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    Get immediate medical care. See a medical professional immediately for treatment. Move as little as possible to further slow the spread of venom.
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    Cleanse the wound thoroughly. This will help prevent infection.
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    Apply an ice pack. This will help slow the spread of the venom and bring down the swelling.
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    Slow the venom's spread. If the bite is on an arm or a leg, elevate the limb and tie a snug bandage above the bite. Be careful not to cut off circulation!

Method 4
Non-Dangerous Spider Bites

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    Identify the spider. Most spider bites aren't from dangerous spiders - in fact, many supposed spider bites are actually insect bites that are easily treated. If you suspect that you were bitten by a dangerous spider, go to the sub-sections below to confirm identity and administer proper first aid. Sometimes identification is not possible, but knowing what species of spider bit you can be helpful to a medical professional when determining treatment.
    • Try to save the specimen, even if it's squashed. Rubbing alcohol can be used to preserve a spider.
    • If you cannot find the spider, move on to cleaning and examining the bite area.
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    Wash the bite area with cool soapy water.[3] This will clean the wound and help prevent infection.
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    Apply a cool compress, such as an ice pack. This will ease the pain of the bite and help the swelling go down for 20 to 30 min.
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    Elevate bitten extremities. This is helpful for reducing inflammation and swelling.
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    Relieve minor symptoms of pain using Aspirin or acetaminophen (Tylenol). Children or teenagers recovering from chickenpox or who have flu-like symptoms should not take Aspirin. [4]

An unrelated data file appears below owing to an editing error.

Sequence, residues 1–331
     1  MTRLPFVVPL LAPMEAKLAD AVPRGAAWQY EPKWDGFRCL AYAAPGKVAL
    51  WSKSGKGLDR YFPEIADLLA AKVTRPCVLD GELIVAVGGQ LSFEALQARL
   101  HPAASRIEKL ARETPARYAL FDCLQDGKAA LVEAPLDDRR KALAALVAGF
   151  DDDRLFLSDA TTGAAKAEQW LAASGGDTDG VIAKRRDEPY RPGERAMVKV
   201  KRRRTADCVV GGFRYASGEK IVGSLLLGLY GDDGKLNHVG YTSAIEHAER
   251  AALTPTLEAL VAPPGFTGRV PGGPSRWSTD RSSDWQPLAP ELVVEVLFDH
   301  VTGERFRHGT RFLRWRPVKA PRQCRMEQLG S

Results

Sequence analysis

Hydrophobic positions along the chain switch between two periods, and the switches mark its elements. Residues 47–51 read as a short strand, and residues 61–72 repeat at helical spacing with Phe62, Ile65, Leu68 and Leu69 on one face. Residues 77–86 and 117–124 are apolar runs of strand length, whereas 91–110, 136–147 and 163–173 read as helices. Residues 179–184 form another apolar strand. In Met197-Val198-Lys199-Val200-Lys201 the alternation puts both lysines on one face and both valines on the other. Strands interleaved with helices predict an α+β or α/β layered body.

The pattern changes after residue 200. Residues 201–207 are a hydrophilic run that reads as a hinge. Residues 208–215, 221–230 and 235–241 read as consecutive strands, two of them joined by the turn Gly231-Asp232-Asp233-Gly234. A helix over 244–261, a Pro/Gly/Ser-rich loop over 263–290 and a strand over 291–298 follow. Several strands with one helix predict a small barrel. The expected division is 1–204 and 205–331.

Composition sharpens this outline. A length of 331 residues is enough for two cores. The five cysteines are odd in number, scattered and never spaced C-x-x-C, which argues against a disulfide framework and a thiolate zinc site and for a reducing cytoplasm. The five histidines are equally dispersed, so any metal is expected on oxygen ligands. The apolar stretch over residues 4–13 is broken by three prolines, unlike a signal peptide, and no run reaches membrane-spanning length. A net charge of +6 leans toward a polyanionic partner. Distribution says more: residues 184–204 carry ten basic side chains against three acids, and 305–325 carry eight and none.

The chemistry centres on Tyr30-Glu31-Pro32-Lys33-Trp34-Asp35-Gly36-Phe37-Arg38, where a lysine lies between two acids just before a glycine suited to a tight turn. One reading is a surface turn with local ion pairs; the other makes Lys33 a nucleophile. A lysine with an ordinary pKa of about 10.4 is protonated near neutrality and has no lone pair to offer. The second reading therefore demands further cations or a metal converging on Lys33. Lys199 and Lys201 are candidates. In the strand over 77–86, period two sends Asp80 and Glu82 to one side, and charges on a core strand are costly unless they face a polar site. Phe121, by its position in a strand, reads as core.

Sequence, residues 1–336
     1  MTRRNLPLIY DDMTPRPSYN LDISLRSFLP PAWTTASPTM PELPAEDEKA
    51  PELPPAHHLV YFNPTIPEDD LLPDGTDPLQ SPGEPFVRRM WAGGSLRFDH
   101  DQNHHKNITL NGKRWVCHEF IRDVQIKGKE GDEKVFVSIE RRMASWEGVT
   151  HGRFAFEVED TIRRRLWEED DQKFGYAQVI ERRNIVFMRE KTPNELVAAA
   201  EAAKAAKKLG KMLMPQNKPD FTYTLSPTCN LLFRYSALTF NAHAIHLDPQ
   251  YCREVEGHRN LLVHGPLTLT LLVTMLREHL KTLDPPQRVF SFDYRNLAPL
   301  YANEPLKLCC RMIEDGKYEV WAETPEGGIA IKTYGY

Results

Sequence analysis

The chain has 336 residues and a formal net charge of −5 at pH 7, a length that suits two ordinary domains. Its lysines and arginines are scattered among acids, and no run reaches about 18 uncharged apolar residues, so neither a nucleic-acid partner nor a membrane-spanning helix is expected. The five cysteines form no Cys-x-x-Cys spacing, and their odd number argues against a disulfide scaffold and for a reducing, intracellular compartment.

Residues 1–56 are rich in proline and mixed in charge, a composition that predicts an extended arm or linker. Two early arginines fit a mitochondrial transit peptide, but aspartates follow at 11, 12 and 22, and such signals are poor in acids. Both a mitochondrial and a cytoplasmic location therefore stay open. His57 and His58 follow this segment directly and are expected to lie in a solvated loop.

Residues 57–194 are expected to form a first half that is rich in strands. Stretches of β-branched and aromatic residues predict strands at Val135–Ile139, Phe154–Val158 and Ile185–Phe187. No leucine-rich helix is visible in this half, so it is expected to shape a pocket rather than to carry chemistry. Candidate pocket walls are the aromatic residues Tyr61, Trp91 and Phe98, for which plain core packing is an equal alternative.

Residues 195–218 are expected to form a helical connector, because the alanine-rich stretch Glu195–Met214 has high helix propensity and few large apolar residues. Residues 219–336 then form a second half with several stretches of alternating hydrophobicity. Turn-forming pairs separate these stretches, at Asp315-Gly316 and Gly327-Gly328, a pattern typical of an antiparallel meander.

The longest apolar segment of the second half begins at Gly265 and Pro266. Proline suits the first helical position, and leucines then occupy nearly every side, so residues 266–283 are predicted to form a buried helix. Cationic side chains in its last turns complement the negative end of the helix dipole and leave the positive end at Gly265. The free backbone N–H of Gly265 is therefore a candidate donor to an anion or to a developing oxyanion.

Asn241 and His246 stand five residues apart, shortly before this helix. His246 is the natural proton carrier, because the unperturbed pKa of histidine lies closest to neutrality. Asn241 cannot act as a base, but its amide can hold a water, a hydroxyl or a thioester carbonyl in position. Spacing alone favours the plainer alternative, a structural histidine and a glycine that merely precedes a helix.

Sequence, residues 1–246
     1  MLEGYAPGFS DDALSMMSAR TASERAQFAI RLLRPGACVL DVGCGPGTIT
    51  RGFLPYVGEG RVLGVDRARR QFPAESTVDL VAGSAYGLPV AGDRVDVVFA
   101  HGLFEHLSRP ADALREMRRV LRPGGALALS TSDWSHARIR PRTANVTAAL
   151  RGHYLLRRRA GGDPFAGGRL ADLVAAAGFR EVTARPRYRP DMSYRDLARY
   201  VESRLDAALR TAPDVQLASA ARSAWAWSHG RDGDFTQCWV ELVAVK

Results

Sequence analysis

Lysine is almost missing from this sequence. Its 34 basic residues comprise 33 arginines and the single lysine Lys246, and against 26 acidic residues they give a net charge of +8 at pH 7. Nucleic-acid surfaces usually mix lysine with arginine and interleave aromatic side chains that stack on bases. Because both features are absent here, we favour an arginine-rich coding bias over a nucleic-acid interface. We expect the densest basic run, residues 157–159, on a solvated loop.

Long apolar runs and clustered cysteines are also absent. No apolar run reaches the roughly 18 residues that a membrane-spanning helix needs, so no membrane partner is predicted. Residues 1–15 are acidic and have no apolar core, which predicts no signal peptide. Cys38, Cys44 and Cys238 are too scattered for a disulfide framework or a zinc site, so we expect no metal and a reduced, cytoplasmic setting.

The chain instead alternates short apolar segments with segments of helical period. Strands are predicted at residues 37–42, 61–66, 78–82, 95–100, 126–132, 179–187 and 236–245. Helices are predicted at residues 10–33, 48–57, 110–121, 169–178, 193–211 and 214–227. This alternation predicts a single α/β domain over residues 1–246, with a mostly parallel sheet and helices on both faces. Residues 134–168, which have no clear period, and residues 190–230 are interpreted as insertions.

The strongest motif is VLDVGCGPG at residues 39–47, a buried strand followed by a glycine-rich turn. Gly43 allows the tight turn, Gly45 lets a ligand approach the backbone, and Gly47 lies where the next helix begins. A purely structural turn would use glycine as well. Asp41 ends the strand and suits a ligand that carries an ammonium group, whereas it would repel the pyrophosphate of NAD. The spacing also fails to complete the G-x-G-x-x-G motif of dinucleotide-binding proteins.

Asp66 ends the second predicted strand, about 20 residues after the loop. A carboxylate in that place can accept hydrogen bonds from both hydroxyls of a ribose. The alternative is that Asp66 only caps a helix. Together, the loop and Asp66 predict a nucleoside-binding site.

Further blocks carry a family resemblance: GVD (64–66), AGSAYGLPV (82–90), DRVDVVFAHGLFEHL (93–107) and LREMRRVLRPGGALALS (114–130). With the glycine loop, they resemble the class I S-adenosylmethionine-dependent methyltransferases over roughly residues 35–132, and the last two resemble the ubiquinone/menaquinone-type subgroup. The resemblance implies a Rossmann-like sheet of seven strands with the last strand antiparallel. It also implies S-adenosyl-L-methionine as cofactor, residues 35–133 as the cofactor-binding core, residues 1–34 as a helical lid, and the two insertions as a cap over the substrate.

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    Monitor the bite for the next 24 hours to ensure symptoms don't worsen. Within a few days, the swelling should go down and the bitten area should feel less painful. Call the poison control center or see a doctor if symptoms don't improve.
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    Know when to see a doctor. In some cases, a bite from a normally non-dangerous spider can cause an allergic reaction. Call emergency medical services immediately if the person with the spider bite has the following symptoms:
    • Difficulty breathing
    • Nausea
    • Muscle spasms
    • Lesions
    • Tightening in the throat that makes it hard to swallow
    • Sweating profusely
    • Feeling faint


  • Flick away an unwelcome spiders on your skin—smashing the spider against you causes the fangs to spring into a biting position.
  • Clean your home often—most spiders prefer dark, undisturbed environments.
  • Shake any clothing or shoes left undisturbed on the floor or in your closet before wearing.
  • Wear gloves and tuck pants into your socks when working in basements, outdoors or anywhere where spiders are common.
  • Move beds away from corners and walls to help prevent spiders from sheltering in bed linens.
  • Properly insulate homes to reduce spiders from entering.
  • Applying an insect repellant containing DEET may help deter spiders.